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Hurd votes for Wash as manager

OAFC BBS - All Topics: Archive: Hurd votes for Wash as manager
Top of pagePrevious messageNext messageBottom of pageLink to this message   By eyleenn on Monday, July 04, 2005 - 12:58 pm:

but probably not of the A's...


Guillen's success aids Washington


HE IS AT the ballpark so early, teaching his craft to whomever wants to learn it, that you'd think Ron Washington doesn't have much time to keep an eye on what's going on elsewhere. But yes, he does give the standings an occasional glance.

And one team, Washington acknowledged recently, catches his eye as much as any other. That it's the Chicago White Sox, the team currently salting away the American League Central despite losing two of three games to the A's this past weekend at McAfee Coliseum, is hardly surprising.

The White Sox pitch well and play good defense. They run the bases with daring abandon. They bunt and hit-and-run. They refuse to sit back and wait for a three-run home run.

In short, they are built in the mode of Ozzie Guillen, their fiery, smart, honest-to-a-fault manager.

Guillen is a former major-league shortstop who had a nice career forged as much by his brains as by his talent, an anti-political, say-anything type who by sheer will of his personality has prevented the White Sox from resuming the flat look that was for so long their persona.

Guillen's success can't help but make one think that Washington deserves a chance. Fiery, smart, honest to a fault, the A's third base coach is a former big-league shortstop who had a decent career forged more by his brains than his talent. He's an anti-political, say-anything type who by sheer teaching genius has turned more than one fielding butcher into a beauty.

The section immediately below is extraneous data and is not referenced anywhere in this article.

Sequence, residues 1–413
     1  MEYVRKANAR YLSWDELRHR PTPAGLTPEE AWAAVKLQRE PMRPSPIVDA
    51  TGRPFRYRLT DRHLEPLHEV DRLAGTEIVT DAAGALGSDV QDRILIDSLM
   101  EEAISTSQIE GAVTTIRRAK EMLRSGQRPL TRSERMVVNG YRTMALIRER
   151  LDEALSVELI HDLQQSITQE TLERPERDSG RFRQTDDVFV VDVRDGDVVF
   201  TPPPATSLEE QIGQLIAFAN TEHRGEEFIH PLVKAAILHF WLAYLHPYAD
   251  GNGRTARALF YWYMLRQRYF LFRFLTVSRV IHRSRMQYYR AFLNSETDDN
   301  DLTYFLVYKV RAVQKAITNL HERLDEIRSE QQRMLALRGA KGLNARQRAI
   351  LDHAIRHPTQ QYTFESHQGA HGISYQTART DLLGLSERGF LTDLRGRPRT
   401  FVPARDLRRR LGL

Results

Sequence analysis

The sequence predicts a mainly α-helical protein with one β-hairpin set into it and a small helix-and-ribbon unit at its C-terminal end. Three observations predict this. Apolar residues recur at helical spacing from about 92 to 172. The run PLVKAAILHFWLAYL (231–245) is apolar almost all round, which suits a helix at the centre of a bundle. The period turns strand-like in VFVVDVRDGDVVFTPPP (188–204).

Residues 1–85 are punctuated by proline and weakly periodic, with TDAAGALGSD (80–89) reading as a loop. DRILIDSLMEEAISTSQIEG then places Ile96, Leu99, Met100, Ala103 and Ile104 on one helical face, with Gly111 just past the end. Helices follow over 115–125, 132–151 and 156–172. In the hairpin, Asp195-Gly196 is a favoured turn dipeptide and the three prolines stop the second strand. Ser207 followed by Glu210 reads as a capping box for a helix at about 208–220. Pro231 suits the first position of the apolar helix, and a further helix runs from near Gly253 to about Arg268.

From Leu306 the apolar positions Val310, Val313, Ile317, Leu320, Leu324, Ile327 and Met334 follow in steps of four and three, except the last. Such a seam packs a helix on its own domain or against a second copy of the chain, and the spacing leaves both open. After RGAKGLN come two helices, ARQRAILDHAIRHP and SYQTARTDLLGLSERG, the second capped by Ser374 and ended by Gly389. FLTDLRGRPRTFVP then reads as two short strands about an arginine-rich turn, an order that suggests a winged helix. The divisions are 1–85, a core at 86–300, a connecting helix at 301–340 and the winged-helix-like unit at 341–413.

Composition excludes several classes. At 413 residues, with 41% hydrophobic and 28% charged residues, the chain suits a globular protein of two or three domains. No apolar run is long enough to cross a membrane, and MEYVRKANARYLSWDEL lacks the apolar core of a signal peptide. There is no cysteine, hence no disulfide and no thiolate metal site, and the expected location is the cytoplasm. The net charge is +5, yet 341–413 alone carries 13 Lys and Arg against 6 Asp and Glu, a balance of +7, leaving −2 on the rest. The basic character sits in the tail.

"They are very much alike in that way," White Sox right fielder Jermaine Dye said.

Dye should know. He is thriving under Guillen this season, providing the more-than-adequate thunder that seemed to be missing during his three full seasons with the A's. Washington was among Dye's staunchest supporters during the tough times.

"Both of them are going to tell it to you exactly how it is. You may not like what you hear, but that's how it is," Dye said. "They've both played the game before. They both understand what players go through and how hard the game can be. They both stick by what they say. They don't play games."

Now, that first part may play perfectly with today's ballplayer, the majority of whom spend much of their lives hearing exactly what people think they want to hear. The last part, however, may not play as well with general managers, some of whom in this Moneyball era view their skippers as nothing more than middle management.

For that reason, it's unlikely Washington will ever be considered a perfect fit for the A's. Nor does he ever figure to benefit from his popularity as a player anywhere else, the way Guillen did when Chicago finally decided, after initial hesitation, that Guillen was a perfect fit for that franchise.